We are nearing the end of this strange and special year, 2020. Time to reflect on the status quo. 20 people with links to Ghent University were selected at random. They tell us what 2020 meant to them, what they will carry over to next year and above all: what they hope for in 2021.
Kristien Lemaitre graduated as a doctor from Ghent University in 1998, before specialising as a psychiatrist. After doing the tour of emergency services and hospital units all across Flanders, she trained to be a psychotherapist. She now works in mental healthcare centres and in a group practice.
What did 2020 mean to you?
“During the first lockdown I was very grateful to the INAMI (National Sickness and Invalidity Institute) for facilitating telephone or video consultations. These are very useful when first receiving acute cases or in managing the gaps between consultations. With a brief telephone call you can reach people faster and follow them up more frequently. Also, it is a better way to reach the ‘concerning care leavers’: people who are ill, but don’t realise it. I think that telephone and video consultations are this year’s best invention for our domain, and I hope they will continue in the coming years. Even so, I never stopped normal consultations entirely. There are many autistic people who do not enjoy using the telephone. And it’s essential to really see someone who is psychotic or suicidal. More clarity is gained during a face-to-face discussion: you can see and smell your patient – something that’s important in the case of an alcoholic. You notice whether someone is anxious and whether what they say actually matches their body language.”
Of which accomplishment are you most proud in the past year?
“We very rapidly had to become creative in order to continue reaching our patients from home. I think we that we managed to remain available as much as possible, despite the measures. As a head doctor in my organisation, I was also able to help in putting together the corona policy. When you know that the measures you are taking protect your staff and patients, it makes you feel like you are making a difference.”
Last year was like no other, but it was also filled with warmth. We supported each other and shared in each other’s ups and downs. Now this is your chance to thank everyone who was there for you. Not in the usual way, but with a virtual projection of your best wishes onto the Book Tower.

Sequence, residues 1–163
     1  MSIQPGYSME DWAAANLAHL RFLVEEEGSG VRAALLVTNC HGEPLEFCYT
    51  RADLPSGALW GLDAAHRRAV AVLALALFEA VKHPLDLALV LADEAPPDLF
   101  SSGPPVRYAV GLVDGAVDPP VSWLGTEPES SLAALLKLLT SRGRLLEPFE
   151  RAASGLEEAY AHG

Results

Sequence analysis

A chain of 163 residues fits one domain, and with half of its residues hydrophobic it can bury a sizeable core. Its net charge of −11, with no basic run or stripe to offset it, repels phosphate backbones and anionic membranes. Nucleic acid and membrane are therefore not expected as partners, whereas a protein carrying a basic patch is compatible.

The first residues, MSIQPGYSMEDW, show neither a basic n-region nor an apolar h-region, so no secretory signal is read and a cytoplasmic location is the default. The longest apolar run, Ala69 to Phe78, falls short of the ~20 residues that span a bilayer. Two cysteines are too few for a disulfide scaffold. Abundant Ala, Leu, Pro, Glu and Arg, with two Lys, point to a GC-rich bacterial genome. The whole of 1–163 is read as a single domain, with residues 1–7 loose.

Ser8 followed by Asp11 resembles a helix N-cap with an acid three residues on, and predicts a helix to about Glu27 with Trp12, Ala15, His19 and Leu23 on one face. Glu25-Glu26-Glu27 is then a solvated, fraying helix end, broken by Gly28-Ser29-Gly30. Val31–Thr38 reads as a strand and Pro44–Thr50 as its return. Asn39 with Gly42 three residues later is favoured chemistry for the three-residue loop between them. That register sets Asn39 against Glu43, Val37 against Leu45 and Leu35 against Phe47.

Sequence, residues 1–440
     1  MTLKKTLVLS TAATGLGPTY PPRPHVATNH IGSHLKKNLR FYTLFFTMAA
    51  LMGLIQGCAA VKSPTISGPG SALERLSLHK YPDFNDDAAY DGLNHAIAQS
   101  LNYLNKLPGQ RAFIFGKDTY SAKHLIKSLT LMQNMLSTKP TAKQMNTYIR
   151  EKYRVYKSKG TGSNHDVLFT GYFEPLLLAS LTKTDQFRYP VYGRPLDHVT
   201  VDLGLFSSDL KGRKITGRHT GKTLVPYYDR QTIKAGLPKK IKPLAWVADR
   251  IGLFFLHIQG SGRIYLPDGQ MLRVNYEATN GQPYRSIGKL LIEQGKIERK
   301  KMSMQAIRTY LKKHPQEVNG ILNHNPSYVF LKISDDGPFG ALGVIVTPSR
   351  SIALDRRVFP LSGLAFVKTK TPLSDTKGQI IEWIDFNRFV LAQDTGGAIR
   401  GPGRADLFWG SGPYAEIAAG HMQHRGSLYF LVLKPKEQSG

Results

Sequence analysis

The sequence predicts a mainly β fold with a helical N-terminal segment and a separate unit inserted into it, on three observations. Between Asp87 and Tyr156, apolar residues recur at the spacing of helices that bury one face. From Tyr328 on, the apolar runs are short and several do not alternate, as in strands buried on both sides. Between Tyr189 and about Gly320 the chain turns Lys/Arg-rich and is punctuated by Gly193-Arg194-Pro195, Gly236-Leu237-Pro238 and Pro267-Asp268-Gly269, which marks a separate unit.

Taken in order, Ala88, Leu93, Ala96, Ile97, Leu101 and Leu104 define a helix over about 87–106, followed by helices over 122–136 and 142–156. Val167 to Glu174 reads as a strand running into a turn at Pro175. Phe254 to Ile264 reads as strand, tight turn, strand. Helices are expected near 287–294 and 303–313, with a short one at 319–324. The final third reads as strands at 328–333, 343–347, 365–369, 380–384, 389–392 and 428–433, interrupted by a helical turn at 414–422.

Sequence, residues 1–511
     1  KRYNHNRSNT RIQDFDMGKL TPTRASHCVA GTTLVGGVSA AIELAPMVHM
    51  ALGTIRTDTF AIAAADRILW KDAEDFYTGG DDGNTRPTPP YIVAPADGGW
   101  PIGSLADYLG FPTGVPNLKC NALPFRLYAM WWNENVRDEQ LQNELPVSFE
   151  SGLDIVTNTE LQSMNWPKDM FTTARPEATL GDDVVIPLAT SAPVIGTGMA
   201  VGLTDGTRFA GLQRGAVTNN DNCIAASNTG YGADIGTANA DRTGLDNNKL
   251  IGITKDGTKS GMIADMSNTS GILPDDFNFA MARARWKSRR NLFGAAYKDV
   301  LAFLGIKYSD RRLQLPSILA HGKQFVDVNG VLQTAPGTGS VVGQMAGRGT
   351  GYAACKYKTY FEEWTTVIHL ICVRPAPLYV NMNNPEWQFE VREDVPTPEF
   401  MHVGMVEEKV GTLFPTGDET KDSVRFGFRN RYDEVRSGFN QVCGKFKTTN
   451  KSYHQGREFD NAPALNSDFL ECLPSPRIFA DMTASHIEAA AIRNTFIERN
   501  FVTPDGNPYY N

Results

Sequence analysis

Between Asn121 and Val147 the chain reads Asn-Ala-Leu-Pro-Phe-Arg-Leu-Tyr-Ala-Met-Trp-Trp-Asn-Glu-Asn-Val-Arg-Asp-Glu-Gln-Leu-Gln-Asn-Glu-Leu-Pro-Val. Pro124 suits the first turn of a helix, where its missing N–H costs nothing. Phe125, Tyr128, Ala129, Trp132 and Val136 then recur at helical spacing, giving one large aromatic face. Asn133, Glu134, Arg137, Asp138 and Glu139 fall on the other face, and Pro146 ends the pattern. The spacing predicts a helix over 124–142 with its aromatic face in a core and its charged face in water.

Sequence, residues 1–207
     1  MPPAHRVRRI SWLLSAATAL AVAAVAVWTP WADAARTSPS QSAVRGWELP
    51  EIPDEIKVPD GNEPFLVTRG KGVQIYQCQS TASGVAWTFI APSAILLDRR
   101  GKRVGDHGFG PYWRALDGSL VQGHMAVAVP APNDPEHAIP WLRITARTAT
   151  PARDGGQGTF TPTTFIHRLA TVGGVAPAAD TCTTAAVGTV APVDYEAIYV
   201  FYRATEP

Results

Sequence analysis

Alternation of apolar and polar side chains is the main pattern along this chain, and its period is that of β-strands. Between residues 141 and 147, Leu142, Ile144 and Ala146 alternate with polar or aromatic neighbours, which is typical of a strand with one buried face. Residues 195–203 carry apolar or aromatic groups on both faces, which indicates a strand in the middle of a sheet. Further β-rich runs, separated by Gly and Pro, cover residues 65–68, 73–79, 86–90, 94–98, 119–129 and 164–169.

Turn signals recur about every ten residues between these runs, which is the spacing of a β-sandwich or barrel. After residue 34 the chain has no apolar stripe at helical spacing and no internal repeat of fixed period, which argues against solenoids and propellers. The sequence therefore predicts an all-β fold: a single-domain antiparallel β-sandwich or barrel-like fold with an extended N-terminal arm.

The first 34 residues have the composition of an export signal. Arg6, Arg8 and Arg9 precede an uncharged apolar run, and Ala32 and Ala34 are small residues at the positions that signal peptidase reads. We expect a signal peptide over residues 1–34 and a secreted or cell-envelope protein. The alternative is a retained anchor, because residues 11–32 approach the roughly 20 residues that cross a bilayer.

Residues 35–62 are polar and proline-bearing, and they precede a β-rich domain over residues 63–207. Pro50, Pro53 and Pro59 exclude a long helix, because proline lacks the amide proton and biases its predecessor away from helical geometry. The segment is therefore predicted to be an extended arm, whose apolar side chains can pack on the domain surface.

What will you carry over to 2021?
“I discovered the delights of working from home. It was better for the family, and lovely to be able to spend time with my children. The disadvantage is that you don’t stop working. Certainly in the beginning, I was still on the phone with people, giving them reassurance, until 11 pm. The working day doesn’t end, you are constantly alert.”
Imagine you could return to 1 January 2020. What would you do?
“I would not book a holiday. Because that’s what I did, and I lost all that money (laughs). And I think I’d choose not to go out.”
Who do you most admire at Ghent University?
“I’d like to nominate three powerful figures who are currently connected with Ghent University, and who deserve a statue. Vaccinologist Isabel Leroux-Roels was thrown into a managing role at a young age and is doing tremendously well, which is highly commendable. Besides her scientific skills, she is also a gifted speaker. In her role she really inspiring, clear and respectful. Together with the virologists she has guided our country very well, without taking lots of credit. Ghent University should be proud to have nurtured such a person.
Although I don’t personally know Professor Stijn Baert, I think he’s a particularly kind, brilliant and also rather handsome man. A kind of ‘poster boy’ for the university. He did well in highlighting mental health be announcing he’s an introvert. He talked openly about the fact he sometimes struggles with rising anxiety and went for therapy for help. By being brave enough to share this so honestly and authentically he really makes mental healthcare more accessible. I also hope that this makes it easier for students to ask for help.
Piet Hoebeke is the kindest professor of medicine at Ghent in my opinion. He has covered the topic of gender so beautifully by writing a book about its diversity. For me, that was the most striking scientific contribution to a wide audience. People so often think in boxes. In my practice, I very often see people with gender dysphoria, who are suffering anxiety, depression, social rejection and traumatisation. Some have been beaten up on the street for dressing in a more feminine manner.”
What do you wish other people at Ghent University in 2021?
“To be happy, in spite of the circumstances. That’s something that takes practice. Of course, you don’t have to settle with the least, but more contentment would make the world a more gentle and solidary place. This would lead to less jealousy, and more modesty and simplicity.”
20 people with links to Ghent University were selected at random. They tell us what 2020 meant to them, what they will carry over to next year and above all: what they hope for in 2021.